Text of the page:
The latest TV Drama to hit Amazon Prime centres around the picture-perfect lives of the Richardson family, and the mother and daughter who come into it, only to change everything. Here’s why you should watch it.
Set in the 90’s, the show follows two polar-opposite mothers as they end up in each other’s lives. Mia and Pearl Warren arrive in Shaker Heights after living out of their car, and as an act of charity, Elena Richardson offers the duo to rent her family’s spare house. If things didn’t feel strained enough, Mia meets someone in desperate need of her help.
There’s no doubt about it, the series is a mesmerising watch. Reminiscent of Big Little Lies, it gives us the idyllic setting and tears it down over the course of each episode, leaving you wanting more every time. The conflicts and secrets gradually bubble under the surface to offer a blazing climax.
It’s based on a bestseller
Celeste Ng’s 2017 bestselling novel of the same name is the reason the show’s here. Though fictional, the setting of the book takes place in the author’s hometown of Shaker Heights, Ohio, which we think always makes for an interesting foundation when it comes to drawing up the little details of the town. The show takes the source material and runs with it, even putting its stamp on some of the book’s key moments to keep it fresh for viewers who already know the story. We do love a great book-to-screen adaptation, and this one is definitely on the list of worthy stories to be both read and watched.
The casting couldn’t be better
Reese Witherspoon puts on her Stepford-wives attire and gives a stellar performance as Elena Richardson. Though Elena may initially come across as sweet and naïve, we soon learn that she’s a dangerous woman defined by her privilege, and desire to keep up her perfect appearance. Witherspoon is fixating as Elena; she’s sharp, uncomfortably funny at times, but above all, just too good at emitting callousness. Watch out for her glass-shattering scene in the finale, as she somehow reaches a pitch we didn’t know was humanly possible – remarkable.
Fans of Scandal rejoice! Kerry Washington is back and she’s fiercer than ever. Starring as Mia Warren, the enigmatic matriarch and free-spirited artist, she delivers a raw and moving performance. Sometimes leaving us with nothing more than an aggressive facial expression or look, it’s remarkable how Washington is able to convey her character’s pain and aggressions without saying a single world. Mia is a force to be reckoned with, and Washington lets that be known.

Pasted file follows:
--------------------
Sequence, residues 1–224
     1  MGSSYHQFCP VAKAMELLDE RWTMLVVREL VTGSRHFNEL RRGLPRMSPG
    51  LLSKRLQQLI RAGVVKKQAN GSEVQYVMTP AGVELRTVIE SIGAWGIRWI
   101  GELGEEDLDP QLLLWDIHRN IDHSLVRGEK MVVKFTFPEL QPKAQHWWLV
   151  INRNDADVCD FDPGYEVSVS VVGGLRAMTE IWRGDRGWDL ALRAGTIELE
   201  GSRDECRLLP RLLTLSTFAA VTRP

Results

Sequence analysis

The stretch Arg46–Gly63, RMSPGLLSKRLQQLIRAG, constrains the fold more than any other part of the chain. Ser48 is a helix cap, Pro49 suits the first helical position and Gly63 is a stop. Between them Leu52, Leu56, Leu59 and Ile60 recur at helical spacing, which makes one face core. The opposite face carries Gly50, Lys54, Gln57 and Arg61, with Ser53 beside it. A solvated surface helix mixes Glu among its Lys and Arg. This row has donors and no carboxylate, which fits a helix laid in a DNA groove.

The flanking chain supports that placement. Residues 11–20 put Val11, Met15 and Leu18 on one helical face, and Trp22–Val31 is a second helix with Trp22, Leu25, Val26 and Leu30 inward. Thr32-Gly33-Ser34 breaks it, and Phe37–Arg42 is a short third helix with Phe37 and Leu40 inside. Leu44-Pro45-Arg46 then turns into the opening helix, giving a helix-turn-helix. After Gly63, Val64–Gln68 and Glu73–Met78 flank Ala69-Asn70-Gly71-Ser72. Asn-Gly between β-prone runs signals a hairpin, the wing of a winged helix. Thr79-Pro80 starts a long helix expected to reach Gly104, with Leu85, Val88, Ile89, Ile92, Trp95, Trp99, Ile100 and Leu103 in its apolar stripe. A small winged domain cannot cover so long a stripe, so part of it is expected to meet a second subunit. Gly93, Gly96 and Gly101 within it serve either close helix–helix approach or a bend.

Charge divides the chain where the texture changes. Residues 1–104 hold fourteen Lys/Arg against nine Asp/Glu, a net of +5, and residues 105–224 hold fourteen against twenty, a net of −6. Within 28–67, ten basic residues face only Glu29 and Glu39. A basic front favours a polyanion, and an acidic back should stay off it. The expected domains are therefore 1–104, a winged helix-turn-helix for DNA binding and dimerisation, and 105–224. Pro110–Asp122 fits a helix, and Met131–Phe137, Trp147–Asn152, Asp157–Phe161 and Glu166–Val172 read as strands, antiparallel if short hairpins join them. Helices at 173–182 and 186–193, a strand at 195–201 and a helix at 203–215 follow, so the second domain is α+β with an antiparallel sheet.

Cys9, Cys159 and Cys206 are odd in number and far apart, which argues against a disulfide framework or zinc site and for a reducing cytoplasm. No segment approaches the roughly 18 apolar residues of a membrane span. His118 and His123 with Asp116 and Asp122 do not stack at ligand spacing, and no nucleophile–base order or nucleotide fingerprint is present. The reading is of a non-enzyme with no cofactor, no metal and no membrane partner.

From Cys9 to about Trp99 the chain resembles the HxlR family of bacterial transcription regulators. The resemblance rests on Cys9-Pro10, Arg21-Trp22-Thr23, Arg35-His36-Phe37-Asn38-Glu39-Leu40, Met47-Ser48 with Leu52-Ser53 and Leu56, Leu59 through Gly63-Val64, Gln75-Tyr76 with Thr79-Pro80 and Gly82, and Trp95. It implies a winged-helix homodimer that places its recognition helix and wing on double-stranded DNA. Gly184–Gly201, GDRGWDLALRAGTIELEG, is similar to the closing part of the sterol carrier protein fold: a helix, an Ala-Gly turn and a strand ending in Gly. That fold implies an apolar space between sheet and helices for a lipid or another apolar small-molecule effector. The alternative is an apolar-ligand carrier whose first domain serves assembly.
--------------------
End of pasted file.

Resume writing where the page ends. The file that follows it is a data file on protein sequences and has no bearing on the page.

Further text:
Whilst the series main premise is the battle of the two matriarchs, it also does a fantastic job with casting the Richardson children and Pearl Warren. Young actress Lexi Underwood plays Mia’s daughter, Pearl, and gives us a powerful and sensitive performance in her breakout role.
When it comes to Elena’s kids, the entertaining performances don’t stop there either. Her eldest, Lexie, is portrayed by Jade Pettyjohn and we’re still pretty convinced that she’s a mini Witherspoon, giving her on-screen mum a real run for her money in the end. Megan Stott is Izzy, the black sheep of the family, and brings a lot of emotion to her complex character. As for the boys, Gavin Lewis and Jordan Elsass elegantly bring teenage problems to the forefront as Moody and Trip.
It wrestles with real issues
What’s admirable about Little Fires is its ability to delicately tackle real life issues, but also challenge them. From race and class, to privilege, sex, motherhood and family, there’s enough in there to make it relatable and thought-provoking as to how society is today. Though the number of different issues raised are a tad ambitious to completely land in just 8 episodes, the show does a great job at getting you thinking. You’ll end up deliberating on if a character’s actions are wrong or right, but you’ll also see how defining wrong and right can be considerably different depending on each individual’s circumstances. It’s a show asking you to look beyond the picket fence.
It looks good
Perfectly put together, Little Fires is meticulous for its attention to detail. With the all American houses painted in pastel colours or designed to look quite Church-esque, Shaker Heights looks dreamy and serene. Inside the Richardson’s house, it eludes riches and grandeur; large in size and pristinely decorated according to the time period. Contrastingly, the Warren’s new home is still nice but much smaller and unmade, though ever warmer in tone.
The costumes and props are also nostalgic of the era. Elena may rock her pretty uptight clad and don her wealth of pearls throughout the show, but it’s the flashbacks to the car phones, mom-jeans and flares, Doc Martens and chokers which makes for great viewing appreciation.
It’s got a banging soundtrack
The sound of Little Fires offers us some great tracks to indulge in. From soul to hip-hop, and classics to fresh covers, we still can’t stop listening to it on repeat. Some of our favourites include Judith Hill’s ‘In the Air Tonight’ and Ruby Amanfu’s ‘Bitch’, mixed in with a little bit of ‘Waterfalls’ by TLC and The Cardigans ‘Lovefool’.
You’ll whiz through it
The great thing about limited series is the fact that you don’t have to wait 5 or so years for the ultimate conclusion. At only 8 episodes long, we’ll place our bets that you’ll finish this over a weekend.